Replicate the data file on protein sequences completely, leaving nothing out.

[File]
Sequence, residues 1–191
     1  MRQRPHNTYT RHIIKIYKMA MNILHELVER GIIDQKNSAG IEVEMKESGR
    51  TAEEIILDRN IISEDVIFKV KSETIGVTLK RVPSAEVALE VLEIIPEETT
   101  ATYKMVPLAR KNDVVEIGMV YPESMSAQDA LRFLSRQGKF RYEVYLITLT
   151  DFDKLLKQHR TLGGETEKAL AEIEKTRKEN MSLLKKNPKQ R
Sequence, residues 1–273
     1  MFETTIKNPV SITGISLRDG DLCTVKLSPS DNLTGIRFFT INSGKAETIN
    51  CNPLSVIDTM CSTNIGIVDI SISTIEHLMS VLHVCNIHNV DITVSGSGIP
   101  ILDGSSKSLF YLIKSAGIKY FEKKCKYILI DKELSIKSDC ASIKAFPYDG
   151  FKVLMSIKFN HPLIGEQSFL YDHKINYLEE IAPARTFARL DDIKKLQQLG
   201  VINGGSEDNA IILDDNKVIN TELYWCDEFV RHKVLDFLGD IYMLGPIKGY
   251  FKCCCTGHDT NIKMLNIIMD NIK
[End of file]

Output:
Sequence, residues 1–191
     1  MRQRPHNTYT RHIIKIYKMA MNILHELVER GIIDQKNSAG IEVEMKESGR
    51  TAEEIILDRN IISEDVIFKV KSETIGVTLK RVPSAEVALE VLEIIPEETT
   101  ATYKMVPLAR KNDVVEIGMV YPESMSAQDA LRFLSRQGKF RYEVYLITLT
   151  DFDKLLKQHR TLGGETEKAL AEIEKTRKEN MSLLKKNPKQ R
Sequence, residues 1–273
     1  MFETTIKNPV SITGISLRDG DLCTVKLSPS DNLTGIRFFT INSGKAETIN
    51  CNPLSVIDTM CSTNIGIVDI SISTIEHLMS VLHVCNIHNV DITVSGSGIP
   101  ILDGSSKSLF YLIKSAGIKY FEKKCKYILI DKELSIKSDC ASIKAFPYDG
   151  FKVLMSIKFN HPLIGEQSFL YDHKINYLEE IAPARTFARL DDIKKLQQLG
   201  VINGGSEDNA IILDDNKVIN TELYWCDEFV RHKVLDFLGD IYMLGPIKGY
   251  FKCCCTGHDT NIKMLNIIMD NIK